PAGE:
“You cannot write a man’s life in 2 hours, you can only hope to leave an impression of one.”
So says Mank, in an on-the-nose spoon-fed explanation of the film, and perhaps the biofilm genre as a whole. Mank makes good on this promise, delivering not just an impression of life but also an impression of a Hollywood age gone by. Mank chronicles the controversial screenplay behind de-facto greatest-film-of-all-time Citizen Kane, itself a film as famous for its rich production drama as its long-lasting effect on cinema.
Mank follows Herman Mankiewicz, a well-regarded if under the radar screenwriter in the studio system during Hollywood’s golden age of cinema. The framing device is Mank’s convalescence while he writes what will eventually become Citizen Kane, interspersed with regular flashbacks that reveal his character, relationship to William Randolph Hearst (the thinly-veiled subject of Citizen Kane), and how Mankiewicz got to this point.
Directed by David Fincher, an under-awarded auteur who has operated as one of the best in the business for more than two decades, Mank finds him at the top of his craft, directing a sumptuous delight, brimming with excellence and sonic delight in every frame.
A top-notch script and direction throws you right into a 40s picture, combined with a modern sensibility that lays bare the sleaze and corruption of Hollywood. It’s tightly scripted with careful attention to detail and exceptional production design. Gorgeously filmed in black and white by Erik Messerschmidt, Mank pops in every shot and feels at once both modern and timeless. The score from Trent Reznor and Atticus Ross rollicks, captivates, and haunts — perfectly setting the tone.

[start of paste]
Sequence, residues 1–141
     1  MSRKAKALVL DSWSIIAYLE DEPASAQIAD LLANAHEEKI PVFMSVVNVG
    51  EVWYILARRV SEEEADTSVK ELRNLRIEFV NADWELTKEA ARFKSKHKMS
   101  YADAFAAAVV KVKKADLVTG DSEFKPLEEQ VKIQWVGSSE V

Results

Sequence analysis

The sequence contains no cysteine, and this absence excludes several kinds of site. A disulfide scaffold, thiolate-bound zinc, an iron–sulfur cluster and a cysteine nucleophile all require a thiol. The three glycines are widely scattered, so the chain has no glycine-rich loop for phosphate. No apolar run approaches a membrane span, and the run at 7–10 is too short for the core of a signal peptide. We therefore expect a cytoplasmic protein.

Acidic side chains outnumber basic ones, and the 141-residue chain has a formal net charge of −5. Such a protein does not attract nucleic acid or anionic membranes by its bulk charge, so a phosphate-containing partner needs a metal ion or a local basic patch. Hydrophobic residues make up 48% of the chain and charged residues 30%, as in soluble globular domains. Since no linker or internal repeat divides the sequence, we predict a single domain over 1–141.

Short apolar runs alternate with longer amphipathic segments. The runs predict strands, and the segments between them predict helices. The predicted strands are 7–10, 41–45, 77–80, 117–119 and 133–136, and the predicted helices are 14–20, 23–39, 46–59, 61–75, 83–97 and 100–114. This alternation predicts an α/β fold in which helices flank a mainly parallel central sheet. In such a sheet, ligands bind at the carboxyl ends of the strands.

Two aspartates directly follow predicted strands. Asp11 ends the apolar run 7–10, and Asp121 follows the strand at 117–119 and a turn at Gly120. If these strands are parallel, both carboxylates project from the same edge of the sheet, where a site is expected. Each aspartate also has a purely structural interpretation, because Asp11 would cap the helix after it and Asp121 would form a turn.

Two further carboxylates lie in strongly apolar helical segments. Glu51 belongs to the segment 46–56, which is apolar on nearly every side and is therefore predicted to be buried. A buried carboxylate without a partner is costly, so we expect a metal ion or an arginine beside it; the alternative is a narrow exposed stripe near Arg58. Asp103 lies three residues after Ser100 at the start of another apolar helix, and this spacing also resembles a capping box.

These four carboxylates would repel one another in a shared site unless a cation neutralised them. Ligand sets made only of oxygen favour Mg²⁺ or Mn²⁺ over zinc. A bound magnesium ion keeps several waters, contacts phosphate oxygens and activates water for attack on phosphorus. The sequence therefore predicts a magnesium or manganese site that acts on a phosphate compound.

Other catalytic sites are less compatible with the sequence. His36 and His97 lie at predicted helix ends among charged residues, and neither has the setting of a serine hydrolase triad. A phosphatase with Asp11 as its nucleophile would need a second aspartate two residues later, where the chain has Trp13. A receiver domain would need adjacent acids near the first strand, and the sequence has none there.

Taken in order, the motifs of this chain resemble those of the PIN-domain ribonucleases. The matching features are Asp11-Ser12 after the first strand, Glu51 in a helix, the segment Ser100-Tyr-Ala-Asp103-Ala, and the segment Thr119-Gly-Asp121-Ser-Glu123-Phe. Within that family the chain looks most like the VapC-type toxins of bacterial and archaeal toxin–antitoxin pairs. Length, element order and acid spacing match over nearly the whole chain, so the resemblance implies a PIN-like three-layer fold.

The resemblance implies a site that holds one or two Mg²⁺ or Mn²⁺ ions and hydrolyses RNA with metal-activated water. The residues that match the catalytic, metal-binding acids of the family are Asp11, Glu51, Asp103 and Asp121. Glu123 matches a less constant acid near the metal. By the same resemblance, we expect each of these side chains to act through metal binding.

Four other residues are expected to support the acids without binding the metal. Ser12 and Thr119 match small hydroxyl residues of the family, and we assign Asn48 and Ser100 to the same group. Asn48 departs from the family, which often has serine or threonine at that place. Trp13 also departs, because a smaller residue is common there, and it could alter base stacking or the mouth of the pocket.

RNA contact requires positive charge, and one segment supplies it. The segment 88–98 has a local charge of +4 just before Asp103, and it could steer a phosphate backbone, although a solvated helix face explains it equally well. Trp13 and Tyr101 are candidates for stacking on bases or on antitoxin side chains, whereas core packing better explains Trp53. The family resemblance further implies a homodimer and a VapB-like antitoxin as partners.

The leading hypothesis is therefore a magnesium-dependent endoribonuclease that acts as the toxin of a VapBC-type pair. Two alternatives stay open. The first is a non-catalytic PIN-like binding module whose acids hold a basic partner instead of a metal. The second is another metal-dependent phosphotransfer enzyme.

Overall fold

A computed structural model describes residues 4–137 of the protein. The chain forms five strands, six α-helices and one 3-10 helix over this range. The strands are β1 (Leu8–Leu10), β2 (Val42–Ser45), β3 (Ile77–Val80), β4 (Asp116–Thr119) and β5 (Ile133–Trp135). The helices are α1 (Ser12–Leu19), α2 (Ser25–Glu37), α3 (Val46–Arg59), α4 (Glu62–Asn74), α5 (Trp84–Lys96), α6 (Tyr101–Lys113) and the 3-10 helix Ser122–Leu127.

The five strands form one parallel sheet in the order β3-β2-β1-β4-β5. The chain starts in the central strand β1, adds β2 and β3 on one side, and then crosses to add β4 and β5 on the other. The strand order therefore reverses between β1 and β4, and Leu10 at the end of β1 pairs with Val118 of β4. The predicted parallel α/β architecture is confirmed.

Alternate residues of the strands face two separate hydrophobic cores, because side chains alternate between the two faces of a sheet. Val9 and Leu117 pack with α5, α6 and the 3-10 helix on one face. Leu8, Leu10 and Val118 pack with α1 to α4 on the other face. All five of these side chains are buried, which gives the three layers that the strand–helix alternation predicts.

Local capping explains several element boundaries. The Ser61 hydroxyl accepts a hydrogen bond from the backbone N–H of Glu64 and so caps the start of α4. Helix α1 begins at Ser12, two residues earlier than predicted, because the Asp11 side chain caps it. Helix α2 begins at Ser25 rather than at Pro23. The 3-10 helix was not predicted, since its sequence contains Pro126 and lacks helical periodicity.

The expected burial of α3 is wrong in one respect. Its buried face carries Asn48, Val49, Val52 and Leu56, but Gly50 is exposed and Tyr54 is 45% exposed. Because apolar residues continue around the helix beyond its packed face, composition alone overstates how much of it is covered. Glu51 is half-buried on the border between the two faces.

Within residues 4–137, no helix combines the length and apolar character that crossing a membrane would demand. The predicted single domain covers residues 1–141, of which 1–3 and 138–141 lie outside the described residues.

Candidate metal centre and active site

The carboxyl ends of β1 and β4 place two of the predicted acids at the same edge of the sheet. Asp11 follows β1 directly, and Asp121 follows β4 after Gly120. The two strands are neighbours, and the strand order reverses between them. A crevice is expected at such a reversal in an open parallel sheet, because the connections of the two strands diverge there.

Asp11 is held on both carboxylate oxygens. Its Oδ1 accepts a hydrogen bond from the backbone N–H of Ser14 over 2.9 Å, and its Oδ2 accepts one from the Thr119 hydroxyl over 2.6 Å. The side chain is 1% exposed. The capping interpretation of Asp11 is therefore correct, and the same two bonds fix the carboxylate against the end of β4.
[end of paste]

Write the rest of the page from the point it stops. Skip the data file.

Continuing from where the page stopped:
Oldman is perfectly cast as the title character, if only because it’s hard to imagine anyone else playing a 1930s Gary Oldman. But it’s Oldman at his best, charming and sly when it’s called for, his distance and penetrating gaze both soulful and weary, each line thoughtful and bearing depth and a multitude of meaning. And Amanda Seyfried co-stars as 1920s screen star Marion Davies, the mistress of William Randolph Hearst (played here by Game of Thrones Charles Dance). It’s a captivating turn, electric every time she’s on screen, in a role finally deserving of her oft untapped talents.
But for such an exquisitely scripted movie, Mank doesn’t have a lot to say. The glitz and glamor of old-school Hollywood hid a seedy underbelly driven by a capitalist class only interested in power and profit. You don’t say. Mank slowly ratchets up the drama and tension, building to a climax and cathartic confrontation. But it ultimately turns away, robbing the viewer of the denouement they deserve.
Nearly every facet of Mank is expertly crafted, and it’s a far more enjoyable film than it has any right to be as a biopic of an unheralded screenwriter from the 1930s, filmed as a love letter to Citizen Kane. Yet for all that, it’s surprisingly hollow. If only Mank was as good as the sum of its parts.